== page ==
Goldstein talks retirement
ASB Bank reckons it can make an impact in the corporate superannuation market, although current players say the going is tough.
Wednesday, September 5th 2001, 10:51PM
The bank yesterday rolled out its superannuation master trust that is tailored for the workplace environment.
ASB Bank manager group superannuation Burton Shipley says the key advantages the bank's product has is that it has low fees (because it mainly uses passive funds), there are low contribution levels and the technology behind the trust is advanced.
He claims the trust is the most technologically advanced one in New Zealand with a registry system built for recording and tracking investment activity and online reporting is planned.
Shipley acknowledges the bank has been late getting into this market, however he is confident it can do well.
"Our research shows that New Zealand's retirement savings market is poised for change."
Shipley says there is a growing awareness from companies to provide superannuation as part of a remuneration package.
He says a couple of things are driving this change. One is that providing superannuation is a good way for an employer to retain good staff. Secondly, the compulsory Australian system is having an impact in New Zealand.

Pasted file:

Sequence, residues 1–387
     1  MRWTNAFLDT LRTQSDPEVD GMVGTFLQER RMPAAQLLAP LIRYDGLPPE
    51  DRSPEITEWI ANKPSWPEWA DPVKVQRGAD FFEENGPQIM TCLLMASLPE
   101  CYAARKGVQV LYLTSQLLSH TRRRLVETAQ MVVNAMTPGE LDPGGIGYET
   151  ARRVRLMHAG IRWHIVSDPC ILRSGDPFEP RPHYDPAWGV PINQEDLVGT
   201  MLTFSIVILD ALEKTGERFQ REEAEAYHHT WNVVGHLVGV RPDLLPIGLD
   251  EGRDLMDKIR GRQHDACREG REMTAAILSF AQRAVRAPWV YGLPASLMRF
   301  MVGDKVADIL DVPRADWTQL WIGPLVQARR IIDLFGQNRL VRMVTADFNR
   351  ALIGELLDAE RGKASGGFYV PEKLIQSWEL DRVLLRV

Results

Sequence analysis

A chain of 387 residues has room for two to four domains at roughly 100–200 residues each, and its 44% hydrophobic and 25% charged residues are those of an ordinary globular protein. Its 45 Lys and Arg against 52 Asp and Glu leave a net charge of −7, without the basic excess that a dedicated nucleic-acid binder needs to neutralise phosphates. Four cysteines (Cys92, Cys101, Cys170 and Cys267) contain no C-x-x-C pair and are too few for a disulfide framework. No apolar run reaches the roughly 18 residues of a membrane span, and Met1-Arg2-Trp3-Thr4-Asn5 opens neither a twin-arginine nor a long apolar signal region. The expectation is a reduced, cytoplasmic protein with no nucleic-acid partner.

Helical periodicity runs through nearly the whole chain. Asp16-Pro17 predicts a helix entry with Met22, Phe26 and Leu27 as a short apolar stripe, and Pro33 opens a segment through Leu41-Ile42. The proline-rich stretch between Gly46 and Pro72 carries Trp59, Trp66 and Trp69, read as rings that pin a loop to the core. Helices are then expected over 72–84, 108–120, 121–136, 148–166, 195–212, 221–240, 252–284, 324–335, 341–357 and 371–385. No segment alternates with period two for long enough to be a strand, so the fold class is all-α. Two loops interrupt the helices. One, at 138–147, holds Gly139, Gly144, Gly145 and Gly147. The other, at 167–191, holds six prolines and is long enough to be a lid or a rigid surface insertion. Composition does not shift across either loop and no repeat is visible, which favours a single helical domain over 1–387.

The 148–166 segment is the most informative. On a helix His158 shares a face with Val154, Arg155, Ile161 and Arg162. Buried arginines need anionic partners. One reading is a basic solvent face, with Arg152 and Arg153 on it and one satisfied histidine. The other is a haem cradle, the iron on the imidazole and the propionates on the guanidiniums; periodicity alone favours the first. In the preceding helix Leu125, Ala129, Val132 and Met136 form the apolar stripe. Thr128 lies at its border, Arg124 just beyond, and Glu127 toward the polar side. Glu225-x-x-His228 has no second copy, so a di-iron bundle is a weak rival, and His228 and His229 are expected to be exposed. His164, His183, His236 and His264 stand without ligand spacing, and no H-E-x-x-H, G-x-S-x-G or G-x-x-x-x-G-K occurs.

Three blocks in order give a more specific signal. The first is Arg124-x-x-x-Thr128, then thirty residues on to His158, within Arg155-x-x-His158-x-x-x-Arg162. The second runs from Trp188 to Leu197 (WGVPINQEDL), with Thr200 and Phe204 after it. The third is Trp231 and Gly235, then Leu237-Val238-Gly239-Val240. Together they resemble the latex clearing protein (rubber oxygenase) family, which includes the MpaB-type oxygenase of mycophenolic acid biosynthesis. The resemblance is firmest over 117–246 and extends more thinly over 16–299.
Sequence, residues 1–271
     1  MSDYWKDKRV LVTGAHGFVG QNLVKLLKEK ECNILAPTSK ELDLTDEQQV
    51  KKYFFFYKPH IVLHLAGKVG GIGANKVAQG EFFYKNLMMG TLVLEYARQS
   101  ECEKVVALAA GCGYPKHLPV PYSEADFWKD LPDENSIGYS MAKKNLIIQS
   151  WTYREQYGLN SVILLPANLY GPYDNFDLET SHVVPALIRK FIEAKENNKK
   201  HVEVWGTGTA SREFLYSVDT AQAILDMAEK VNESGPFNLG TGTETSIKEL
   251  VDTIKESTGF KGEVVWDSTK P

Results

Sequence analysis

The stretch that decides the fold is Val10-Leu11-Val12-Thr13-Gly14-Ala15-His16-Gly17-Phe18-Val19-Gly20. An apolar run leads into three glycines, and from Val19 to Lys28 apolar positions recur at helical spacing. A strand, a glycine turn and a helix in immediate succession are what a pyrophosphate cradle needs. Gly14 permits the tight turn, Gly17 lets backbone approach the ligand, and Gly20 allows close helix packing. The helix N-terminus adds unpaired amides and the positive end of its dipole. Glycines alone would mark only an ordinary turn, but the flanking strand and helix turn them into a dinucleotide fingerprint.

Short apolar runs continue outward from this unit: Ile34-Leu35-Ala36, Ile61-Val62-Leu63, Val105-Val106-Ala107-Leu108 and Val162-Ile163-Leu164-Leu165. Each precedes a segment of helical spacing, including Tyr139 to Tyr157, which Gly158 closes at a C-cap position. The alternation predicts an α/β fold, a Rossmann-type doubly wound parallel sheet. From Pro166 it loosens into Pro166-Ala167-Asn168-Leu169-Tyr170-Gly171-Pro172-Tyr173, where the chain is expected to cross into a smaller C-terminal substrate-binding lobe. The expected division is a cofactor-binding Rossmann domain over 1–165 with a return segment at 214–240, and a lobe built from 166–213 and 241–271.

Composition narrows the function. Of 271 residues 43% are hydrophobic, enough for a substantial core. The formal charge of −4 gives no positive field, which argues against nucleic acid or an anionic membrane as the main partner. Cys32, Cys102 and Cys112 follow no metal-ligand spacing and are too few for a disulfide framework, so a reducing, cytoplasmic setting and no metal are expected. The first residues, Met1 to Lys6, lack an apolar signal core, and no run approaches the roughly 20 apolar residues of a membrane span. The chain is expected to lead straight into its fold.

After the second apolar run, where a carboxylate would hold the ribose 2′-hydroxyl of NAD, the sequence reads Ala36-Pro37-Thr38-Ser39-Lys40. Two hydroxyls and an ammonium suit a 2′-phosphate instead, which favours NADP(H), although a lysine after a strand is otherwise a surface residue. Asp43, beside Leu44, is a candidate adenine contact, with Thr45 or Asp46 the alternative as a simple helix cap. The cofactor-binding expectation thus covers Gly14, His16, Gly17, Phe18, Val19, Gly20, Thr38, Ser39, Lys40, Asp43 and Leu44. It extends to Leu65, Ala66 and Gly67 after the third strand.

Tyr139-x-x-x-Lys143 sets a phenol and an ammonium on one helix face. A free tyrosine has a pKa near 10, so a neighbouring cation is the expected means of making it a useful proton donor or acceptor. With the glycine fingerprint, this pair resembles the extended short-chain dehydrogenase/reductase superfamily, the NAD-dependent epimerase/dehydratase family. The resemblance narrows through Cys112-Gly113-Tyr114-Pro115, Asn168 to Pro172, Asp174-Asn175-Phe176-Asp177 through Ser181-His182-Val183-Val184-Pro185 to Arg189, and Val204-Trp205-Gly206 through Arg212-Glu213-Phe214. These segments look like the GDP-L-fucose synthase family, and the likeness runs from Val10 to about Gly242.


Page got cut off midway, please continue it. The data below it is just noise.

Shipley says there is a trend for New Zealand head offices to shift across the Tasman. When employment packages are put together from Australia for New Zealand staff workplace super is included as it is the norm in Australia.
Currently the trust is offering a range of diversified and single sector investment options made up of four balanced funds (three passive and one active). Each option has a different composition and risk profile.
ASB is using AMP as its manager for New Zealand and international because "they offered what we wanted," Shipley says.
He says the investment manager decisions were made before Commonwealth Bank acquired the Colonial First State Investment business.
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